I agree. But, while I am against legislating "morality", I still think that certain activisties, even if perfectly legal, can preclude a person from being accepted for certain jobs and positions.

If it were revealed that some actor had a history of doing rape-porn films, I would understand it if the local women's shelter preferred to rescind their invitation for him to host their annual telethon. Even though I recognize that such films aren't neccessarily endorsing real-life enactments of the activity portrayed.   

 

voice of the damned

I raised the point to question the drawing of feminism into this (and the assumption that feminists would support this), which I see as rather mis-placed.

Well, I didn't say that ALL feminists would support the firing of the teacher(I am well aware that many would not). But, when the film in question is violent pornography, and progressives are saying that that the teacher's involvement shouldn't be a hinderance to employment in an educational instiution, I don't think it's a totally psychedelic tangent to ask how this squares with an anti-pornography analysis that was widely held on the left a generation ago, and still has promient defenders today.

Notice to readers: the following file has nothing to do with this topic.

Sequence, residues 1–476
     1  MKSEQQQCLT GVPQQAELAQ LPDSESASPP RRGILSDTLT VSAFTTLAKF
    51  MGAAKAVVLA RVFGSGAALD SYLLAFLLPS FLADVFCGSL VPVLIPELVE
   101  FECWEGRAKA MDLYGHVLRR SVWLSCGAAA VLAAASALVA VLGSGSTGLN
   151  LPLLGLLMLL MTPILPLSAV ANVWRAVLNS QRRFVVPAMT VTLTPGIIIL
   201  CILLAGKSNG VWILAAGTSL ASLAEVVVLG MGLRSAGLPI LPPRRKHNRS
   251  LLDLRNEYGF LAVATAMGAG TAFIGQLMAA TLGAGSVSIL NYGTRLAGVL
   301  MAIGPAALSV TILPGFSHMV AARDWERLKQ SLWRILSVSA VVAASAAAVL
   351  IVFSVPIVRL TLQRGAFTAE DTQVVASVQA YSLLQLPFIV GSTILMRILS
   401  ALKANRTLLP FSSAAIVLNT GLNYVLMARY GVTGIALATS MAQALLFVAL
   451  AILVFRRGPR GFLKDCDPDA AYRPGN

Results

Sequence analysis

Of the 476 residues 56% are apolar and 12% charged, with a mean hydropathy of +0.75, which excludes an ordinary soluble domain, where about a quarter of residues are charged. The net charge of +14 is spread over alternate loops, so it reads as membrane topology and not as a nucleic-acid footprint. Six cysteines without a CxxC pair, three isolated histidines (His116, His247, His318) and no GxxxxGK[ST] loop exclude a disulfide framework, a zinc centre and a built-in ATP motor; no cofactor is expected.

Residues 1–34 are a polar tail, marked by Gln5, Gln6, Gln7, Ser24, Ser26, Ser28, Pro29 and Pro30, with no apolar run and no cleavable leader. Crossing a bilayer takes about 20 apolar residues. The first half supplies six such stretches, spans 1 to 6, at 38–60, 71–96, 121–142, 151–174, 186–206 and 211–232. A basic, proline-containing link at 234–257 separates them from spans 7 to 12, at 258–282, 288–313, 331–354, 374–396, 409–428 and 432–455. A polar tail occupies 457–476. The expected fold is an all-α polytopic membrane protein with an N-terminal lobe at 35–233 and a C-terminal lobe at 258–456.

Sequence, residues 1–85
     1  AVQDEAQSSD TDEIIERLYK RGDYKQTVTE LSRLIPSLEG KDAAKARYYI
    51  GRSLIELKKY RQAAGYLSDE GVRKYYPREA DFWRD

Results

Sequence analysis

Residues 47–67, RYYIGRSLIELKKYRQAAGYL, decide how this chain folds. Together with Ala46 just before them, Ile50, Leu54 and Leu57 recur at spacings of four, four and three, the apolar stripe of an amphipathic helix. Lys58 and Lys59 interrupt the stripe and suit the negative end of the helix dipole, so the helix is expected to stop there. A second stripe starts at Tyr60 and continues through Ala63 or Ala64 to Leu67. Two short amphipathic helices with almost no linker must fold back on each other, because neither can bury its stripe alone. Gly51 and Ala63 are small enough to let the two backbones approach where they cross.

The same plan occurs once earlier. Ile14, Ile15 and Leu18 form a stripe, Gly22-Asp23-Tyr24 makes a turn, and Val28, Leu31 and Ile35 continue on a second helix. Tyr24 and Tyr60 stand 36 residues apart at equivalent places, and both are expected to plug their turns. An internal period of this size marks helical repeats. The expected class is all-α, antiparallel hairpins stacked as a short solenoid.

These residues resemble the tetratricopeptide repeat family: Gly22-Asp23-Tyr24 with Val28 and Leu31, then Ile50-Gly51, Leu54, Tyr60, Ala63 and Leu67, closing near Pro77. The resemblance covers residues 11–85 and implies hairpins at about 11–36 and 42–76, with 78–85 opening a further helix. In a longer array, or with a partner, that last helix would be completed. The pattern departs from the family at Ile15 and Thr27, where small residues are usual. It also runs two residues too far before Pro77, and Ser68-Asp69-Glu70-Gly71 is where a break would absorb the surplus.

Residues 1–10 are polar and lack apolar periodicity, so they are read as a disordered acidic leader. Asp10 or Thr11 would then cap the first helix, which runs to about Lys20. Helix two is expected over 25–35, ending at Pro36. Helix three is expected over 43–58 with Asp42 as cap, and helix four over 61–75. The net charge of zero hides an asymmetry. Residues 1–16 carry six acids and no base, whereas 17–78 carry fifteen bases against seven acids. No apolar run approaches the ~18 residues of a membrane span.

It's like if someone who says he's a socialist ridicules people who oppose privatizing some Crown Corporation, and I reply "Well, back in the 70s, most socialists seemed to support nationalizing that company. Isn't it kinda strange that you're now so contemptuous of the people who wanna hold onto it?" I don't think that would be an irrelevant tangent, for anyone who knows about the history of the left in Canada.

6079_Smith_W

How about we leave concern about what people will think based on our assumptions until someone actually voices that opinion.

 

voice of the damned

6079_Smith_W wrote:

How about we leave concern about what people will think based on our assumptions until someone actually voices that opinion.

 

What unvoiced opinion do you think I'm making assumptions about?

6079_Smith_W

Do I need to spell it out?

voice of the damned wrote:

I don't think it's a totally psychedelic tangent to ask how this squares with an anti-pornography analysis that was widely held on the left a generation ago, and still has promient defenders today.

I'll say it again... how about we wait for someone to express that opinion, because all I see it being used as a foil, which does a disservice in two directions.

 

alan smithee alan smithee's picture

voice of the damned wrote:

alan smithee wrote:

Legislating and/or enforcing 'morals' is a 19th Century policy that has no place in 2014.

I agree. But, while I am against legislating "morality", I still think that certain activisties, even if perfectly legal, can preclude a person from being accepted for certain jobs and positions.

If it were revealed that some actor had a history of doing rape-porn films, I would understand it if the local women's shelter preferred to rescind their invitation for him to host their annual telethon. Even though I recognize that such films aren't neccessarily endorsing real-life enactments of the activity portrayed.